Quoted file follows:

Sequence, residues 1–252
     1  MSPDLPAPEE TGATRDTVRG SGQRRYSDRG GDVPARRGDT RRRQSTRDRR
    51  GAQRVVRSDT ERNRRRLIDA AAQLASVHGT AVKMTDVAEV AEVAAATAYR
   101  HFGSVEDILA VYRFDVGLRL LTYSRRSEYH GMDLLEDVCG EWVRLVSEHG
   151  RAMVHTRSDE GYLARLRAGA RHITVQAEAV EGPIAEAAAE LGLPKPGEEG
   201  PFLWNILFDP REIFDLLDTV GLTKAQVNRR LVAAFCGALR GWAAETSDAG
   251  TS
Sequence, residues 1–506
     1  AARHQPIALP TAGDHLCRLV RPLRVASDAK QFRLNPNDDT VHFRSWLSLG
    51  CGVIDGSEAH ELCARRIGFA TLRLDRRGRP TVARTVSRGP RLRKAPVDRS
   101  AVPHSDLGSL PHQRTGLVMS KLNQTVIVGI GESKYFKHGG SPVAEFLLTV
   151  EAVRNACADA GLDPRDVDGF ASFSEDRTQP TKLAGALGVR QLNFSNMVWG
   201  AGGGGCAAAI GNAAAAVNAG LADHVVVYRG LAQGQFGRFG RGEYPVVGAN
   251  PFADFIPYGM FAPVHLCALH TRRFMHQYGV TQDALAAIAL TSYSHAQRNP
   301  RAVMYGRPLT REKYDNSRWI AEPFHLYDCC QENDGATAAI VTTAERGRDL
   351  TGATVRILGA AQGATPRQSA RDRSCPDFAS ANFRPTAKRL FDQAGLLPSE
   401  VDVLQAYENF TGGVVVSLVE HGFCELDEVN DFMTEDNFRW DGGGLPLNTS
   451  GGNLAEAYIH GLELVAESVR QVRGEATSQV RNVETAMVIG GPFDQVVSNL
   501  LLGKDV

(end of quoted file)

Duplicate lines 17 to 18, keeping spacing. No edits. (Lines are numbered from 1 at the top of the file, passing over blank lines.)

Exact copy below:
   401  VDVLQAYENF TGGVVVSLVE HGFCELDEVN DFMTEDNFRW DGGGLPLNTS
   451  GGNLAEAYIH GLELVAESVR QVRGEATSQV RNVETAMVIG GPFDQVVSNL